Galaxy S3 Mini

The Samsung Galaxy S3 Mini looks almost identical to its larger cousin, save for the smaller screen.
(Credit: Samsung)
Today Samsung globally launched the rumored Samsung Galaxy S3 Mini, a smaller version of the Samsung Galaxy S3 that hit shelves globally in May, and arrived in the U.S. this summer on five separate carriers.
In addition to having a more petite 4-inch screen and build than the Samsung Galaxy S3, the S3 Mini also scales back the specs to make the Mini a more middle-of-the road option. Samsung's original Galaxy S3 serves as its flagship premium model; in the S3 Mini, Samsung has the opportunity to flush its design and brand into the midtier markets and emerging markets.
Although Samsung didn't announce pricing or availability with this worldwide announcement, the asking price is sure to come in lower than its larger, more powerful cousin.
More detail after the break

Design and hardware
You know times have changed when a relatively high-powered smartphone with a 4-inch screen is known as "mini." The S3 Mini comes with a 4-inch Super AMOLED WVGA resolution display (800x480 pixels,) and Samsung says the screen has a curved design.
While less pixel-dense than the 4.8-inch Galaxy S3 -- the Mini has 233 pixels per inch where the full-size S3 has 305.96 ppi -- the Mini's screen resolution is still well within range for a 4-inch screen.
The Samsung Galaxy S3 Mini
The GS3 Mini's 4-inch AMOLED screen has an 800 by 480-pixel resolution.
(Credit: Samsung)
The phone stands 4.8 inches by 2.5 inches by 0.39 inch and weighs 3.9 ounces, an equivalent to 121.55mm by 63mm by 9.85 mm, and 111.5 grams.
Beyond the screen size, though, the handset looks almost identical to the original Galaxy S3, a smart choice to advance the brand. I personally enjoy the look and feel of the original, which is glossy, but sleek. Although Samsung hasn't shared its color variations, we know it'll at least come in white, and we can probably expect a pebble blue variation as well.
Under the hood, it's clear that the S3 Mini is a different phone. It deliberately sports a smaller 1GHz dual-core processor rather than the quad-core processor of the global S3 variety and the 1.5GHz dual-core LTE model in the U.S. The phone should still perform well for most users; it just won't clock the tip-top speeds.
The same goes for the cameras. Samsung has replaced the 8-megapixel rear-facing shooter of the original Galaxy S3 with a 5-megapixel camera in the Mini. It'll still come with an LED flash and a VGA front-facing camera (down from the 1.9megapixel camera in the S3 original.) Samsung has used some excellent 5-megapixel camera modules before, while others have been less than ideal. Let's hope they chose the former on this one.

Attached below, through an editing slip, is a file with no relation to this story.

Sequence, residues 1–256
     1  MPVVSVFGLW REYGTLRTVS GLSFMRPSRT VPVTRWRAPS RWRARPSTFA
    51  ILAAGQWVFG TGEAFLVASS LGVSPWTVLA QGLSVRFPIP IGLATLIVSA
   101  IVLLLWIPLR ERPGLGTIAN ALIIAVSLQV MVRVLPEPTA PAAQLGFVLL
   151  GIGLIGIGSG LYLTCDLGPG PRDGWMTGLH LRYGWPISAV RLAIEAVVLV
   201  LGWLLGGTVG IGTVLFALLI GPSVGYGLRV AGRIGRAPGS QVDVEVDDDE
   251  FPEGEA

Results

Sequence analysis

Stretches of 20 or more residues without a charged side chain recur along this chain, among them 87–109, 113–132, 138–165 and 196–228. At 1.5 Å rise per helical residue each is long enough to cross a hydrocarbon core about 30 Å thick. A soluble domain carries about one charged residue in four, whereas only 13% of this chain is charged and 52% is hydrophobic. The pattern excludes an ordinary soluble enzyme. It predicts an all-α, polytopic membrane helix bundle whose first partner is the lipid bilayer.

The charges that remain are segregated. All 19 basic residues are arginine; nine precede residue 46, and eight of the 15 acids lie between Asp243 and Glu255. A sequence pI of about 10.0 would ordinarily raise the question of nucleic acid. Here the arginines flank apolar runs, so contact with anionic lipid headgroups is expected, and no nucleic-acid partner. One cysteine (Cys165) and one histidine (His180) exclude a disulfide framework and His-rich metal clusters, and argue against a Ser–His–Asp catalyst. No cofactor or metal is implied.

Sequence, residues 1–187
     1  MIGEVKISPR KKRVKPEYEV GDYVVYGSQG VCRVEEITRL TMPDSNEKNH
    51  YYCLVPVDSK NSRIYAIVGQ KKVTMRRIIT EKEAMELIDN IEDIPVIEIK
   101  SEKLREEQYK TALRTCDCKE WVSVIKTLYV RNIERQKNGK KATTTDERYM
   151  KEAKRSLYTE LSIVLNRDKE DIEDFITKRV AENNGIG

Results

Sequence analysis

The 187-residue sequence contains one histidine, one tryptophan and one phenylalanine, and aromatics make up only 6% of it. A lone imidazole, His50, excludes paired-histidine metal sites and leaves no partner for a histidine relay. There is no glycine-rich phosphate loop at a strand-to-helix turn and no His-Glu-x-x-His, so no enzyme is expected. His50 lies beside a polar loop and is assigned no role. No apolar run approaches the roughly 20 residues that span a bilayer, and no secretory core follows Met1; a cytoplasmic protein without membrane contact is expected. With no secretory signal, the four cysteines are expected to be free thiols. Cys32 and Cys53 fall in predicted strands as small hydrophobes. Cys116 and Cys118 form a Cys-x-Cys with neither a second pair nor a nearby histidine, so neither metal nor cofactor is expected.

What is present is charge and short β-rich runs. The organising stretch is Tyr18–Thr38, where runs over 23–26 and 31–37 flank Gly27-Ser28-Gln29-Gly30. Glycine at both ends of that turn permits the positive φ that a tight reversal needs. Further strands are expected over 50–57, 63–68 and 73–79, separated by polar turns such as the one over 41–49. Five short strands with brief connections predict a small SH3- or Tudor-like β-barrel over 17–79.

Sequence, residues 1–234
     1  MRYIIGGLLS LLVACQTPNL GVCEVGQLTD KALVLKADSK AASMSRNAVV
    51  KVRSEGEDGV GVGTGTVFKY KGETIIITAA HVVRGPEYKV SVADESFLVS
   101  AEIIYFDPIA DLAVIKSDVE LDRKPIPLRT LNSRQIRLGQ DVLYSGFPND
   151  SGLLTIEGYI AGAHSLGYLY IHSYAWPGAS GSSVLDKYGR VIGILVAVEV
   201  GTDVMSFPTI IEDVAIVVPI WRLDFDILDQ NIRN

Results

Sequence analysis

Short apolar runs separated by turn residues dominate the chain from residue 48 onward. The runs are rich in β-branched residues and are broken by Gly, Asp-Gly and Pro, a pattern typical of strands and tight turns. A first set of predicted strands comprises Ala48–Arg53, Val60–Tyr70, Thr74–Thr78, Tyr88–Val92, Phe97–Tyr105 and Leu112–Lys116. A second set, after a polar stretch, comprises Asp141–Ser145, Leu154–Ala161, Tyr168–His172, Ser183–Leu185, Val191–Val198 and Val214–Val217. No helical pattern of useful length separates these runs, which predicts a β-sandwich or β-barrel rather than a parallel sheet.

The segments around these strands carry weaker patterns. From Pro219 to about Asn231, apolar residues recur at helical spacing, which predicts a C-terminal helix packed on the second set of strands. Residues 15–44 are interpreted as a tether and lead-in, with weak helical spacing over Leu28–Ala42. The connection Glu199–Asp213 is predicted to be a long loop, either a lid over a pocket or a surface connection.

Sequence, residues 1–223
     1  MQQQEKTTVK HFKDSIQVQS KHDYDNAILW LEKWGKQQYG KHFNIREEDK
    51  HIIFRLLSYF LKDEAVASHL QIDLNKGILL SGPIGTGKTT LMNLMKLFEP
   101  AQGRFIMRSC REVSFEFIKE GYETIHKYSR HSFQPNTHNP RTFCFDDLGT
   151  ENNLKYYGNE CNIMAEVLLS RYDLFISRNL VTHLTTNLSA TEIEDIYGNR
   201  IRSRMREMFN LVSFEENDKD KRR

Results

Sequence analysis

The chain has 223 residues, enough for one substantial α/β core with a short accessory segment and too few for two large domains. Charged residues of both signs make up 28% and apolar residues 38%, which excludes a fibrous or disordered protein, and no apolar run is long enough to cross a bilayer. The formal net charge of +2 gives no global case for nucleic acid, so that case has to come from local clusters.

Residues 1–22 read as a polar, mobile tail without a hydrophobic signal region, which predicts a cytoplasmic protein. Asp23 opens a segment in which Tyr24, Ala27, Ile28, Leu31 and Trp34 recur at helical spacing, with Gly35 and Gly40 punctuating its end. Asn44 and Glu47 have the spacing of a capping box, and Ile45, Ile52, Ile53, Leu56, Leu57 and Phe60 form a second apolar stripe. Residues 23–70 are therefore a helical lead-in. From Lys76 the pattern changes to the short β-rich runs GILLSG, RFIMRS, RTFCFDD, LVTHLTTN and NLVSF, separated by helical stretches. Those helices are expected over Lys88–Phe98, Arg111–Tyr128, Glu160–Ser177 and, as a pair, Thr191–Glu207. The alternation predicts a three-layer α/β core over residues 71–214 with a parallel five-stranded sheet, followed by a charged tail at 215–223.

Connectivity is one clue that the Galaxy S3 Mini won't head straight for the U.S. It's specced for HSPA bands 14.4/5.76 900/1900/2100 and EDGE/GPRS 850/900/1800/1900 bands. In other words, there's no LTE support -- that fits into a strategy for tapping into various 3G networks worldwide.
The Samsung Galaxy S3 Mini
The Mini keeps the phone's slim shape, but there's also less room inside for the battery.
(Credit: Samsung)
Other features include Bluetooth 4.0, NFC, and 8GB or 16GB versions with expandable memory up to 32GB. The 1,500mAh battery is on the smaller side, so expect needing to recharge the phone daily. The original S3 has a 2,100mAh battery.
OS and software
The S3 Mini's hardware won't push the envelope in any sense, but kudos to Samsung for giving it the most recent Android 4.1 Jelly Bean version available.
Samsung's TouchWiz interface will ride on top, the phone-maker's typical mark on its handsets. With Samsung's custom layer comes a plethora of software extras, including photo-sharing features among networked phones, and the excellent S Beam, a slight variation from the Android Beam file-sharing system using NFC to bump two phones together.
There's also S Voice, Samsung's brand of Google Voice Actions, and Samsung's answer to Apple's Siri. Unfortunately, S Voice has never performed well in our tests compared to Siri, and it'd be a shame if Google's standard Voice Actions weren't accessible, especially in its new format for Jelly Bean.
There are plenty of other features in the Galaxy S3 Mini, including one that keeps the screen lit when you glance at the camera, and DLNA sharing that helps you transfer content like photos and video between compatible devices, like to your TV. However, some extra features are also battery-consuming, which doesn't portend well for the smaller battery.
The Samsung Galaxy S3 Mini
The Mini's 5-megapixel camera could be excellent, or it could stumble. We just won't know until we try it out.
(Credit: Samsung)

The Samsung Galaxy S3 Mini is a smart move for Samsung to spread its Galaxy S3 line and message along the various market levels and countries. By beginning with its highest-end phone first, Samsung has been able to establish its brand; sending out spokes will suddenly make the Galaxy S3's subbrand attainable at a lower price point.
While we're unlikely to see a 4-inch Galaxy S3 Mini imminently come to the U.S., I'm excited to play around with the device and see just how well the mid-tier processor and camera perform with the high-powered software extras.

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